Flyers are Complaining a Lot More About Airlines

November 13, 2015, 1:55 PM UTC
Long lines of passengers queue up at the Philadelphia International Airport.
UNITED STATES - AUGUST 10: Long lines of passengers queue up to go through increased security check points as news rules for carry on luggage cause long delays at the Philadelphia International Airport in Philadelphia, Pennsylvania, Thursday, August 11, 2006. Crude oil traded near its lowest level this month after a foiled terrorist attempt to attack airlines raised concern travelers will avoid flying, reducing jet-fuel demand. (Photo by Bradley C. Bower/Bloomberg via Getty Images)
Photograph by Bradley C. Bower — Bloomberg via Getty Images

Consumer complaints against airlines flying in the U.S. are up 27% in the first nine months of this year.

According to the latest data released Thursday by the U.S. Department of Transportation, flyers filed 15,770 complaints, compared with 12,348 filed in the same January to September window last year. Flight delays, cancellations, and misconnections were the most frequently filed complaints, with baggage-related gripes, boarding, and customer service issues next in line.

The rise in complaints comes despite a drop across the board for a number of key passenger metrics. September’s on-time arrival rate was 86.5%, up from the 81.1% rate in September last year, and above the month’s average of 82.7% over the last 20 years.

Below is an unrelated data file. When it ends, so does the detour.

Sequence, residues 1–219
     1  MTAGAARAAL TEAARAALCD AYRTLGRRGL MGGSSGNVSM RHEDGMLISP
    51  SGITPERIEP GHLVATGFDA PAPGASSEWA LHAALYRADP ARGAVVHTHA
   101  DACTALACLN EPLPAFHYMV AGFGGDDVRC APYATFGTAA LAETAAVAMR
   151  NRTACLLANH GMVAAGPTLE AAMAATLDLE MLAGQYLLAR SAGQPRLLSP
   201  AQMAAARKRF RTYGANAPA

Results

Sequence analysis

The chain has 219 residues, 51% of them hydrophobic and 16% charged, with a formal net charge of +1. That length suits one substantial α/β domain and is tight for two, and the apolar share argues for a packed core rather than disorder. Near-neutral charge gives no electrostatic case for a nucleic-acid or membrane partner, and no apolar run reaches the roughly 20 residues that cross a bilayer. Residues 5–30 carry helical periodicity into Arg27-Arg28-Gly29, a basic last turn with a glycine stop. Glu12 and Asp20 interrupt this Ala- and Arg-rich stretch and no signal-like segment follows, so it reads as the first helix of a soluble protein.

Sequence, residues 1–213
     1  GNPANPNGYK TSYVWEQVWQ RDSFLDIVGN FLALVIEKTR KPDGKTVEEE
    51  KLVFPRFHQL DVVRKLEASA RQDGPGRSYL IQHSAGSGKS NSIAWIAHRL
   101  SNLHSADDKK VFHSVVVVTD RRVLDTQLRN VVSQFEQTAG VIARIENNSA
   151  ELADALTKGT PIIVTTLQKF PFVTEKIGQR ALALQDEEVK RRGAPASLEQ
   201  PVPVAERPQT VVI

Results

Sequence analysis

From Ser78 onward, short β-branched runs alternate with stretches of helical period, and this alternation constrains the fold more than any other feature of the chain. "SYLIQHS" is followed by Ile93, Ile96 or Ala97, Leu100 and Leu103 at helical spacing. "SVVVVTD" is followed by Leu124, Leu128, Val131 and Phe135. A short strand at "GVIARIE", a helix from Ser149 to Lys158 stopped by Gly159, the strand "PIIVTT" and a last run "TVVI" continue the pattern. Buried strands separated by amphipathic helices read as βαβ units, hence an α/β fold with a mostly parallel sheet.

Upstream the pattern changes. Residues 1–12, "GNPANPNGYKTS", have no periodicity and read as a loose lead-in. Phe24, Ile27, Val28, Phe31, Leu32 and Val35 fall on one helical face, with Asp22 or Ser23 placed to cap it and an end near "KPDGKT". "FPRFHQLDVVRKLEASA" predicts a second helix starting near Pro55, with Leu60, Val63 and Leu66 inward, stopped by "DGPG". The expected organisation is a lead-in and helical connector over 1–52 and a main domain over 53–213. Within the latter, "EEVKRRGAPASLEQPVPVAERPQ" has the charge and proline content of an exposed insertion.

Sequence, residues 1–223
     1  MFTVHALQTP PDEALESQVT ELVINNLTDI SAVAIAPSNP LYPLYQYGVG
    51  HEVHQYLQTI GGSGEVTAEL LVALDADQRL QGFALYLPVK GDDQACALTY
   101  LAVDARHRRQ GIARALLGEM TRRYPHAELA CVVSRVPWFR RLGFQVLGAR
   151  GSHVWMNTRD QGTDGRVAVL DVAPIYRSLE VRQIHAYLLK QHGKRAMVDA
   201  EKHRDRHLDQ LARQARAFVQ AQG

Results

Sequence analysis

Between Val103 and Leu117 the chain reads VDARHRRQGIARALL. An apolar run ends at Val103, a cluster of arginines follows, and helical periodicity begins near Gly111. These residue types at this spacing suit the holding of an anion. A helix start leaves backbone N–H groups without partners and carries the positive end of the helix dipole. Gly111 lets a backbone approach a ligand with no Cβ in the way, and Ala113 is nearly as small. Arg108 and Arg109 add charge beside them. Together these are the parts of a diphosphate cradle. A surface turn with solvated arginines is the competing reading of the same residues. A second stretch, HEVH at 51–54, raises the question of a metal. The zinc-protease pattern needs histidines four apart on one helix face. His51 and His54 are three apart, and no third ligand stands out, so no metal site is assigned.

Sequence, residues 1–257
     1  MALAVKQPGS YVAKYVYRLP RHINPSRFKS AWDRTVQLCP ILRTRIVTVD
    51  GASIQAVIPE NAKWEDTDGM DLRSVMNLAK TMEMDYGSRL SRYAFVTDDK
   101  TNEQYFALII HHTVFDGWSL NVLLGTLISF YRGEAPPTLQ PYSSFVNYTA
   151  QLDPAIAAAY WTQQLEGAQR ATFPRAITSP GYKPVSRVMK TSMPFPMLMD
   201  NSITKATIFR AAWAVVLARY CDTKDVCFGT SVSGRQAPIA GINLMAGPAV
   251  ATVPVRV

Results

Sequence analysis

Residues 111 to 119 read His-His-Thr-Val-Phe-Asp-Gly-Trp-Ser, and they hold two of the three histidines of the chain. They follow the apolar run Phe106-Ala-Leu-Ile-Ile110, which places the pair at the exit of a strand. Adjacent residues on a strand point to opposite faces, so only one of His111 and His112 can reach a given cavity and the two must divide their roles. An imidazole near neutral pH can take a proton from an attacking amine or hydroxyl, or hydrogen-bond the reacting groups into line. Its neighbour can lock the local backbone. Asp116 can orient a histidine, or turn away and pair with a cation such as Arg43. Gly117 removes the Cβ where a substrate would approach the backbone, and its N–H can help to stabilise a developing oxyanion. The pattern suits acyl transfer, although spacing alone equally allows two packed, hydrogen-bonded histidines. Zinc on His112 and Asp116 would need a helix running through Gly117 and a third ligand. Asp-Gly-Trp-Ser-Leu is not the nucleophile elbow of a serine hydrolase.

The rate of mishandled baggage also dropped to 3.31 bags for every 1,000 passengers for this year’s January to September period, down from 3.70 bags per 1,000 passengers in the same period last year. The rate of passengers who were involuntarily denied boarding due to overbooking—also known as “bumping”—was at 0.77 per 10,000 passengers, down from the rate of 1.04 posted during the first nine months of 2014.

A look back at annual data available at the mid-year point shows that the pace of complaints has been increasing over recent years:

While this represents a fraction of the total number of travelers—there were 1,351 complaints filed against U.S. airlines out of 55.8 million passengers this year, for example—one passenger advocate suggested that complaints may be up because airlines are cutting down on their free amenities and hiking ancillary fees, while economy classes are packing more people in at the cost of comfort.

“I don’t think the flight experience has improved,” Kate Hanni, founder of, told the Los Angeles Times. “People are stressed from the time they get to the airport and get through security and get on a plane with very tight seats.”